University of Twente Student Theses


Physiological vessel on chip model with integrated flow and oxygen control for in vitro small pulmonary artery studies

Huisman, Janet (2021) Physiological vessel on chip model with integrated flow and oxygen control for in vitro small pulmonary artery studies.

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Abstract:Oxygen tension and shear stress are believed to play a crucial role in the development of various vascular diseases such as pulmonary arterial hypertension. Since no physiological in vitro model yet exists to study the effect of these stimuli on the behaviour of patient-specific vascular cells, the aim of this research was to develop a three dimensional (3D) small pulmonary artery on chip (sPAoC) model with integrated flow and oxygen control. The proposed design consists of an oxygen impermeable microfluidic chip in which oxygen tension and flow rate can be controlled to mimic both the small pulmonary artery and the surrounding alveoli. The vessel is formed via displacement of collagen by a less viscous fluid (viscous finger patterning) to obtain a perfusable 3D collagen lumen in which human induced pluripotent stem cell (hiPSC) derived endothelial cells (ECs), smooth muscle cells and fibroblasts can be cultured. Although earlier characterization of these h iPSC-ECs revealed an immature arterial/venous phenotype, their response to hypoxia was found to be similar to primary pulmonary arterial ECs, providing previously unknown information about the current phenotype of the hiPSC-ECs. Additionally, a concept version of the chip system was fabricated without the alveolar compartment and imaging confirmed successful formation of cylindrical lumens in these chips with an average diameter of 313 ± 34 μm and a success rate of 90%. Finally, oxygen sensor spots and unidirectional flow were successfully integrated in this chip system. Together these initial results demonstrate the possibilities of the proposed sPAoC model for analysis of the vascular behaviour in response to stimuli such as (patho)physiological oxygen tensions and shear stresses.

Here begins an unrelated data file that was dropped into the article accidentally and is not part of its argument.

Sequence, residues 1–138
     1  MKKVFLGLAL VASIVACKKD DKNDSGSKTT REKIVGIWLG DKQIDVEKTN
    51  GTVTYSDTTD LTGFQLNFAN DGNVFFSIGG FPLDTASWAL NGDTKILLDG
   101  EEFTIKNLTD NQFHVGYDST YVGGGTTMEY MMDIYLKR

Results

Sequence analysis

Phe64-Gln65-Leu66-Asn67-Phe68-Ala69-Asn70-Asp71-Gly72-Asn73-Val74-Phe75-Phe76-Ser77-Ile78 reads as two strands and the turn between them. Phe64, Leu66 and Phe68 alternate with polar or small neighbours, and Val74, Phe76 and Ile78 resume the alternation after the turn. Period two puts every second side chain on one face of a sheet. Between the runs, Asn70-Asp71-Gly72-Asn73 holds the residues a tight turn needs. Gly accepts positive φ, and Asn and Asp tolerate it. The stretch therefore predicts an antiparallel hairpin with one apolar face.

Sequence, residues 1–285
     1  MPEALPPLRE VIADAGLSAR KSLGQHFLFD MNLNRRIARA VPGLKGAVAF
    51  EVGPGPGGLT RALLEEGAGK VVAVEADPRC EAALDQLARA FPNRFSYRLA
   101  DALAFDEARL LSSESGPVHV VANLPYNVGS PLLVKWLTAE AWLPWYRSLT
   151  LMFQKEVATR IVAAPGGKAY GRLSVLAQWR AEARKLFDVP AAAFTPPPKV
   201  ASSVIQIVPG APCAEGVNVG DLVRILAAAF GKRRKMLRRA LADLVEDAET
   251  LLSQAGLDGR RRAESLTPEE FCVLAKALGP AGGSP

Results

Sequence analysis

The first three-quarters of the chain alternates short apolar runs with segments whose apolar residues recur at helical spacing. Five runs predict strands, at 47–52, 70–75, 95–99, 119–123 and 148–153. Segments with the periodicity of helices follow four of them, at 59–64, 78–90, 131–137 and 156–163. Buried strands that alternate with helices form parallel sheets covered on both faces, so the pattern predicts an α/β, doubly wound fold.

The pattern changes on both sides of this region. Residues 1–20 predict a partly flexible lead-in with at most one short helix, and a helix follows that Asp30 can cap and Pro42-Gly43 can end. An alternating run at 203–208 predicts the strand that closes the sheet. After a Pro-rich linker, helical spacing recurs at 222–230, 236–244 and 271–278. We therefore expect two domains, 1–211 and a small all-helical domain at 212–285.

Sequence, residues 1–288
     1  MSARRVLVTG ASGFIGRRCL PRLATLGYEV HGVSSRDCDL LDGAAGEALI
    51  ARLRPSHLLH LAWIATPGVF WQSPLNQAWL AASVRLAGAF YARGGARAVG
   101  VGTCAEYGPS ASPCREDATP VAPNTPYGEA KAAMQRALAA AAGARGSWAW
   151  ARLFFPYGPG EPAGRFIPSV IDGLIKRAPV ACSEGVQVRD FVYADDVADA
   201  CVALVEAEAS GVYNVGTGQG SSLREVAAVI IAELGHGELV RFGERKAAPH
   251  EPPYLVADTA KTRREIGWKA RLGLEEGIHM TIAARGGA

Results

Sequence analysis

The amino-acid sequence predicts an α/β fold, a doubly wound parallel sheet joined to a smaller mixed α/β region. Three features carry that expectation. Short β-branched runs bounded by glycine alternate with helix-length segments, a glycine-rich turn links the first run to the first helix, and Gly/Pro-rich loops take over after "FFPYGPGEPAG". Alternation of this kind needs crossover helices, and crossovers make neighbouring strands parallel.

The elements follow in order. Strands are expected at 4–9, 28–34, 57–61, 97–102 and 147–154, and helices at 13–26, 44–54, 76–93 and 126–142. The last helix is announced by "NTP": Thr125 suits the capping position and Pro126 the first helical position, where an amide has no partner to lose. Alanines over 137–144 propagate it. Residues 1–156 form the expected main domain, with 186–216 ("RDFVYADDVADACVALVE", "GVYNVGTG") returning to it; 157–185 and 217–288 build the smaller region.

Item Type:Essay (Master)
Faculty:TNW: Science and Technology
Subject:44 medicine
Programme:Nanotechnology MSc (60028)
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